ZIMBABWE Textile Manufacturers’ Association (Zitma) says local banks should handle the foreign currency allocation system as the central bank has failed to allocate forex to the industry and was now facing collapse.
BY MTHANDAZO NYONI
Zitma vice president Freedom Dube told NewsDay recently that the Reserve Bank of Zimbabwe’s failure to allocate them forex has left the textile industry teetering on the brink of collapse.
“The sector is heavily weighed down by shortage of foreign currency as we are not on the Reserve Bank of Zimbabwe’s priority list. As such, we are struggling to get forex. To make matters worse, the bulk of raw materials is imported.
For instance, 90% of our raw material is being imported and we need quite a lot,” Dube said.
“Industry should be dealing with their banks not with the Reserve Bank of Zimbabwe…. I believe it was going to be better if the system was being spearheaded by the banks not by the central bank because my bank knows me very well. The issue of centralisation has killed us.”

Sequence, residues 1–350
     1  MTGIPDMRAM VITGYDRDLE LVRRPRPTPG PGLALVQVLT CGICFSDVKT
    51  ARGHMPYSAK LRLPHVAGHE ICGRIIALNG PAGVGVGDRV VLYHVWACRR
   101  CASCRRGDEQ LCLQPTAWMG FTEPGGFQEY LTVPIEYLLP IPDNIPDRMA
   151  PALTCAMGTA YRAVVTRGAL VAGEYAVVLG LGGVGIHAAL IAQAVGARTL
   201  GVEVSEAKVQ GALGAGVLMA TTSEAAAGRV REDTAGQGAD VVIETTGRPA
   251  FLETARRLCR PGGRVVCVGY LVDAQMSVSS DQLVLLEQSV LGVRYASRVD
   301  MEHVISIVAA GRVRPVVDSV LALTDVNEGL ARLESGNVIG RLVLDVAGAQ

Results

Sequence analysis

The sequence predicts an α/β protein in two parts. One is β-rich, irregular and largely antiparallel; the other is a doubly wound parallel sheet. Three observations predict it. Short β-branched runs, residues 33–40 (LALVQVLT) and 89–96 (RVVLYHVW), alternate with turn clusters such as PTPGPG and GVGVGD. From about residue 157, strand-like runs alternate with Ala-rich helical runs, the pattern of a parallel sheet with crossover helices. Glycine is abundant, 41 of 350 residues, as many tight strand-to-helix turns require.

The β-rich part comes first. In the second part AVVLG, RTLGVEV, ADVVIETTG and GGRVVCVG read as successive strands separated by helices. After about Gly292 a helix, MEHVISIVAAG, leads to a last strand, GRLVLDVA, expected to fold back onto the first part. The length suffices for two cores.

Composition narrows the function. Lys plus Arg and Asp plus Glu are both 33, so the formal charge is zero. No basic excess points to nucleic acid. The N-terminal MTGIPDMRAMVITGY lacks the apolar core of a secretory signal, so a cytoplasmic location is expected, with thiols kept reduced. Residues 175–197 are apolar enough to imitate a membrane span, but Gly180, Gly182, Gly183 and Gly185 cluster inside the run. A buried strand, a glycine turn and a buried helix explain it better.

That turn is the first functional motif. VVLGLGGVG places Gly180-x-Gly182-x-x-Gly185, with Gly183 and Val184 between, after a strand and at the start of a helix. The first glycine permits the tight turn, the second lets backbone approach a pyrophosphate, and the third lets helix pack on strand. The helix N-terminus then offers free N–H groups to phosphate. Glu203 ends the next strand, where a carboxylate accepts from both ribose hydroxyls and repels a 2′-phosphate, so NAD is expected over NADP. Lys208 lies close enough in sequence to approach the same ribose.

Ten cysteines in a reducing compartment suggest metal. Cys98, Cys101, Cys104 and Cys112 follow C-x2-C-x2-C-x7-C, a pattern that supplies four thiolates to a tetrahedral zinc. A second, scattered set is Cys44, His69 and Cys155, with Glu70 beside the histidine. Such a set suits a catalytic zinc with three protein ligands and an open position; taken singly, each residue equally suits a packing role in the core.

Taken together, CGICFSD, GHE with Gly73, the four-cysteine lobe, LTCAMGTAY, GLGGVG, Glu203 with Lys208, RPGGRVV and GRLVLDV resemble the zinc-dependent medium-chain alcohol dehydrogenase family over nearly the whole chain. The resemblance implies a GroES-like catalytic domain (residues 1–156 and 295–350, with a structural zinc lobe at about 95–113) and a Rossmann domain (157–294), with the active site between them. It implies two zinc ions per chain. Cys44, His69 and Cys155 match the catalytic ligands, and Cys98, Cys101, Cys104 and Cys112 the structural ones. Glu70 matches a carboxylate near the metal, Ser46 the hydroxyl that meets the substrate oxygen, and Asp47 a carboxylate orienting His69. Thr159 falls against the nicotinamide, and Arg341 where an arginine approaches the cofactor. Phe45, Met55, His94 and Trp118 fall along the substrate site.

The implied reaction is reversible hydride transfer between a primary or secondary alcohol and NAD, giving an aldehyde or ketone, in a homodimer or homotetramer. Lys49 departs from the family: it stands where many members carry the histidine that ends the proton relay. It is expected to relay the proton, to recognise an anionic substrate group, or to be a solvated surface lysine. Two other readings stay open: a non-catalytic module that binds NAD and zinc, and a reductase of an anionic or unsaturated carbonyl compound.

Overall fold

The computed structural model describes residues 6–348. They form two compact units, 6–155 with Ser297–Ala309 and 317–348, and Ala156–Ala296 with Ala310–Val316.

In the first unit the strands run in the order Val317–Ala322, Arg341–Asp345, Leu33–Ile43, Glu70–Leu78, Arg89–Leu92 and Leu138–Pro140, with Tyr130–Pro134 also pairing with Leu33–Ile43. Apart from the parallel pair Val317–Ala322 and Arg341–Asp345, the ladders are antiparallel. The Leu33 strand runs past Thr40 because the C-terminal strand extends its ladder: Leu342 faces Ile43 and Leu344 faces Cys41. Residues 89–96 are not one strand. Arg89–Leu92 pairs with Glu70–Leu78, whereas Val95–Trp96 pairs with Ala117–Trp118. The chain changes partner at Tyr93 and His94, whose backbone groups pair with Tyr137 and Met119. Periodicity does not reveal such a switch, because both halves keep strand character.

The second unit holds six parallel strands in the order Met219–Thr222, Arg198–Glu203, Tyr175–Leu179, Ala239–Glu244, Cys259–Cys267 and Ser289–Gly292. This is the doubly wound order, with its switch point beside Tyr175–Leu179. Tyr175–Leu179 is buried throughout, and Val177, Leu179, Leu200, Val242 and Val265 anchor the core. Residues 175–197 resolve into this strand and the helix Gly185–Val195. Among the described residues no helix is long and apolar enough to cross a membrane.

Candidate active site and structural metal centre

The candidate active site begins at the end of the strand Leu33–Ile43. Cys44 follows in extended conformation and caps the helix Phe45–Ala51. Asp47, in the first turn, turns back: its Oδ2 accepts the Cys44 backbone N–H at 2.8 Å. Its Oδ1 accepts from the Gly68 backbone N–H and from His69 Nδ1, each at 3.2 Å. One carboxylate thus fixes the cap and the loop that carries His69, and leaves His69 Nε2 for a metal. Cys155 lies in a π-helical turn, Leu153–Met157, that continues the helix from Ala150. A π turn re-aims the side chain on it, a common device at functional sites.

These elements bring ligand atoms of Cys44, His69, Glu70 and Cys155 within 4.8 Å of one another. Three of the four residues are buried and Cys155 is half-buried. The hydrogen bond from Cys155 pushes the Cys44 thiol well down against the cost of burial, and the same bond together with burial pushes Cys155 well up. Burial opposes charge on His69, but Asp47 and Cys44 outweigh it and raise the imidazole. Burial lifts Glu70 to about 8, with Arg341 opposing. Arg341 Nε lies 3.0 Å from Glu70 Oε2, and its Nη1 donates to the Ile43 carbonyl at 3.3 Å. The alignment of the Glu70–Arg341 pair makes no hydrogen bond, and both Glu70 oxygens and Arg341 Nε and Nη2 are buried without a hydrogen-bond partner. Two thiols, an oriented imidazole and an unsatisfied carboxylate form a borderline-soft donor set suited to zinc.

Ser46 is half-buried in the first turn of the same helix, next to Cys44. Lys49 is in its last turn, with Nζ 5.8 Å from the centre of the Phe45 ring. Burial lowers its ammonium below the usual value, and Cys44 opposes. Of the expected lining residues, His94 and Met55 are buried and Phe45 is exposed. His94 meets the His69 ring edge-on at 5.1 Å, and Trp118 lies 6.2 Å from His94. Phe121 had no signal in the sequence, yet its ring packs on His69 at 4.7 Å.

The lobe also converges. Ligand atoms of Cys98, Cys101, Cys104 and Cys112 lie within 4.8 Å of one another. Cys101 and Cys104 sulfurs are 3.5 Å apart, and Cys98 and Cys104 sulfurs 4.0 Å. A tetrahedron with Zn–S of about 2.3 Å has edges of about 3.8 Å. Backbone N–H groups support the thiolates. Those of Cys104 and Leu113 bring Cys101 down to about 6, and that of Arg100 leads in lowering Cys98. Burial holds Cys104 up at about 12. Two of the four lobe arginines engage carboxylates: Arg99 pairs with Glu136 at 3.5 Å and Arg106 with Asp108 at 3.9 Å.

As a result of the liquidity crisis, the central bank came up with a foreign currency priority list to assist some struggling companies so that they access foreign currency speedily.
Yet, despite critical raw materials being listed as priority one, Dube said the industry was facing severe shortages of cotton lint.
As a result, Dube said the industry was operating at subdued capacity owing to foreign currency challenges as well as cheap imports.
“The operating capacity differs from subsector to subsector depending on the forex availability. Some subsectors are operating at 50% while others below,” he said.
“We are still facing challenges of smuggling even though the Zimbabwe Revenue Authority (Zimra) is trying. Blankets are still coming in through corruption.”
He said they needed to invest in the new technologies to remain competitive and the government should help save the industry from total collapse.
According to Zitma, at least 17 000 jobs in the textile industry have been lost as a result of the economic crisis.
Dube said it used to employ 20 000 people, but currently has just around 3 000 workers